RMS earthquake risk models help manage complex and varied seismic risk across Asian countries with a history of significant loss events.
Asia Earthquake Risk
Earthquake risk in Asia is extremely varied and depends on the tectonic setting within each individual country. The highest hazard regions are either underlain by subduction zones, including Indonesia, the Philippines, Japan, Guam, and New Zealand, or along collision plate boundaries such as northern India and southwestern China. Lower seismic risk is generally located away from the tectonic plate boundaries, including Australia, Thailand, Vietnam, South Korea, southeastern China, and southern India, but some regions have a significant component of plate motion on complex active fault systems, including China, Taiwan, Japan, Sulawesi (Indonesia), and New Zealand.
The tectonics for Asia are fairly complex and driven by the collision of the Pacific and Philippine Plates with the Eurasia and Indo-Australia Plates. In general, the Pacific Plate is pushed beneath the other plates, producing major subduction zones from Japan to Guam to New Zealand. The Philippine Plates are subducted beneath Japan and the Philippines.
Australia is located away from the outer boundaries of the Indo-Australian Plate, leading to lower levels of seismicity. The Indo-Australian Plate is subducted beneath Indonesia where it collides with the Eurasian Plate in Northern India, producing the Himalayas. The largest events in the historical earthquake record are generally along plate boundaries with a few additional events occurring on major crustal fault systems.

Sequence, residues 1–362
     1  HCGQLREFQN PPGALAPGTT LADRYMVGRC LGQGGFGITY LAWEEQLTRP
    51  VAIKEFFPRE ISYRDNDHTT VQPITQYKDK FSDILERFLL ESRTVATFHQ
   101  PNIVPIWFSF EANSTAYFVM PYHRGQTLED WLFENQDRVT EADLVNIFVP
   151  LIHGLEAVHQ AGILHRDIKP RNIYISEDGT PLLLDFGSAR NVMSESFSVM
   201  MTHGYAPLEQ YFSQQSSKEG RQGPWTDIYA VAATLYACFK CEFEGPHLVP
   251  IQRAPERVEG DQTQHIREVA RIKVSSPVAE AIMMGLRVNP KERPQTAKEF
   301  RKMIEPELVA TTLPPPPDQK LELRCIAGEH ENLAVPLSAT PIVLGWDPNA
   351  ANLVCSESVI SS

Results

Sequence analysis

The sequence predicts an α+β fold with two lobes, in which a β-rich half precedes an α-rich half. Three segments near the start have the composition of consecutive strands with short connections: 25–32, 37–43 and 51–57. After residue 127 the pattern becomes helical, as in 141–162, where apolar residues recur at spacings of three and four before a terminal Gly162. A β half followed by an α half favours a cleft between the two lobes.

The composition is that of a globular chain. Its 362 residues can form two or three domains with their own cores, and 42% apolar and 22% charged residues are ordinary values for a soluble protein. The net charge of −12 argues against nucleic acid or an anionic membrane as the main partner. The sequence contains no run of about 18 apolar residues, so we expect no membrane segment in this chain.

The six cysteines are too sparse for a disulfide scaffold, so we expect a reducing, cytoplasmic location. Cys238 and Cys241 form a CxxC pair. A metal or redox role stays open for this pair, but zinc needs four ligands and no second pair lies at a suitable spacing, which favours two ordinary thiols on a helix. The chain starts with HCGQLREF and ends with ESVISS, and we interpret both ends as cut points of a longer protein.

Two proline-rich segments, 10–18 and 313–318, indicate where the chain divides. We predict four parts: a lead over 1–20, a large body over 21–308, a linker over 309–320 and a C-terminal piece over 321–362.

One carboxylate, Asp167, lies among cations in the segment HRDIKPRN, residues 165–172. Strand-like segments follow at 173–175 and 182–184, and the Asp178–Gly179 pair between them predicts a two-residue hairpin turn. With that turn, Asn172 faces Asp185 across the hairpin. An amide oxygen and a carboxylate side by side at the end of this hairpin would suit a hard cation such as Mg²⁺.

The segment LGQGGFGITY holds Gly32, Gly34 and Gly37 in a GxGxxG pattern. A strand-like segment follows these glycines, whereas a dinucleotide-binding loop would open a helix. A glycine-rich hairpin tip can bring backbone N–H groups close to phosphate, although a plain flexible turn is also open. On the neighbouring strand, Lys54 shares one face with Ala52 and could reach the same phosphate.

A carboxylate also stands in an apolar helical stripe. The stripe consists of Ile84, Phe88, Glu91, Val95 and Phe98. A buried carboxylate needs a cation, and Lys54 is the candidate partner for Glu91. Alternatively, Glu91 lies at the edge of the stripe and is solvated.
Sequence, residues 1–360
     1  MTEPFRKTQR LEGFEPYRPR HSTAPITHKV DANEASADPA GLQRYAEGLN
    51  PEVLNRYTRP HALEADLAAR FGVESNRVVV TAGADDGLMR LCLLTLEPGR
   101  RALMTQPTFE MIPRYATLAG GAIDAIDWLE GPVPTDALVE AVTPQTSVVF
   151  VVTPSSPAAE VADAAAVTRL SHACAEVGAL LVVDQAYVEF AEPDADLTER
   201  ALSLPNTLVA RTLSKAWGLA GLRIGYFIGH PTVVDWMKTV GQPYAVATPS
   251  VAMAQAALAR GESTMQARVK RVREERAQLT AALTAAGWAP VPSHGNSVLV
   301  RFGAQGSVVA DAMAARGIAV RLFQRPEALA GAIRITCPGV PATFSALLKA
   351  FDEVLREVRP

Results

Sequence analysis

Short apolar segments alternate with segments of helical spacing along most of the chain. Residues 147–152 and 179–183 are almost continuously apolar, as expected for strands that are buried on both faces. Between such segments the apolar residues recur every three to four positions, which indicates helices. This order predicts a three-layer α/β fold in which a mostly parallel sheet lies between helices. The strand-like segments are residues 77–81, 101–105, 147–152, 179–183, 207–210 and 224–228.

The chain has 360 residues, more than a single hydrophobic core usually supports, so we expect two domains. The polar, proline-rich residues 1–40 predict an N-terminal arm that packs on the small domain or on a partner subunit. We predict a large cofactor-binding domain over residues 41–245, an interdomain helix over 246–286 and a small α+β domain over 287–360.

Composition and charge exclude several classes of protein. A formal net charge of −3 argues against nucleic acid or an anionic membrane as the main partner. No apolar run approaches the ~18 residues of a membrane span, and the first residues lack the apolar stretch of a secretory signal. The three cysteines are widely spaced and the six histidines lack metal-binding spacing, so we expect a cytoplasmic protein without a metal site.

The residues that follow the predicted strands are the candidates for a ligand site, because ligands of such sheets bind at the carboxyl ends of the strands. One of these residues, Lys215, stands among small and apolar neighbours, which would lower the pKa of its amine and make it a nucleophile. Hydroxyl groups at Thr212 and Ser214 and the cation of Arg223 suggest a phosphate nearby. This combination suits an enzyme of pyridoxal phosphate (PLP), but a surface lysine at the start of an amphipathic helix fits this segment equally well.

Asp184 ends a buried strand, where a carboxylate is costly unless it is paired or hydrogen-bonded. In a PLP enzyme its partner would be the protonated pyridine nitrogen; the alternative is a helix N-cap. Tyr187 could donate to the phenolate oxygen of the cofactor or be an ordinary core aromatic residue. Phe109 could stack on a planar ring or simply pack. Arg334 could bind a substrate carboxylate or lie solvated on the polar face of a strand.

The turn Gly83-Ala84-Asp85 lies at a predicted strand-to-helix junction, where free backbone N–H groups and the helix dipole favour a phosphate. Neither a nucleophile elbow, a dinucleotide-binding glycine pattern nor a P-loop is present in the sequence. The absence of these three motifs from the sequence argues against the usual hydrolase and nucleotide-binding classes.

Asia has a long history of strong, damaging earthquakes and tsunamis. Future events in Asia have the potential to impact insurers' profitability in this important emerging market.
- The 2004 M9.1 Andaman-Sumatra, Indonesia, event off the western coast of Sumatra triggered tsunami waves to a height of 30 meters and killed an estimated 230,000 people across 14 countries and caused extensive devastation in Indonesia and Sri Lanka.
- An M7.6 event in Kashmir, India/Pakistan, during 2005 caused an estimated 100,000 deaths and rendered 3.5 million people homeless in northern Pakistan and Pakistan-administered Kashmir.
- In Wenchuan, central China, an M7.9 event in 2008 was felt as far as Shanghai, 1,700 kilometers away, triggering extensive landslides and claiming approximately 70,000 lives.
- The Canterbury Earthquake Sequence in New Zealand (2010 M7.2 Darfield; 2011 M6.2 Lyttelton) centered around the city of Christchurch and saw a sequence of events that destroyed 15,000 homes and losses of around $23 billion.
- In 2011, an M9.0 earthquake and tsunami centered on Tohoku, Japan, saw waves up to 40 meters high with over 100,000 buildings totally destroyed and many more damaged. Insured losses reached over $30 billion.
RMS offers a comprehensive earthquake model suite with coverage across Asia which includes Japan, South Korea, China, Taiwan, Hong Kong, Macau, the Philippines, Guam, Indonesia, Thailand, Vietnam, Malaysia, Singapore, India, Australia, and New Zealand. To reflect the latest understanding of earthquake hazards, building performance, and risk in the region, the majority of these models were updated in the last few years. The model suite provides a consistent framework for modeling loss across a range of scales, from location to portfolio, within a city or across country borders. These solutions can be used to build deep insight into the full range of risk. Companies can use these RMS models to develop pricing structures that reflect the locations at risk.
Tectonic setting and seismicity for Asia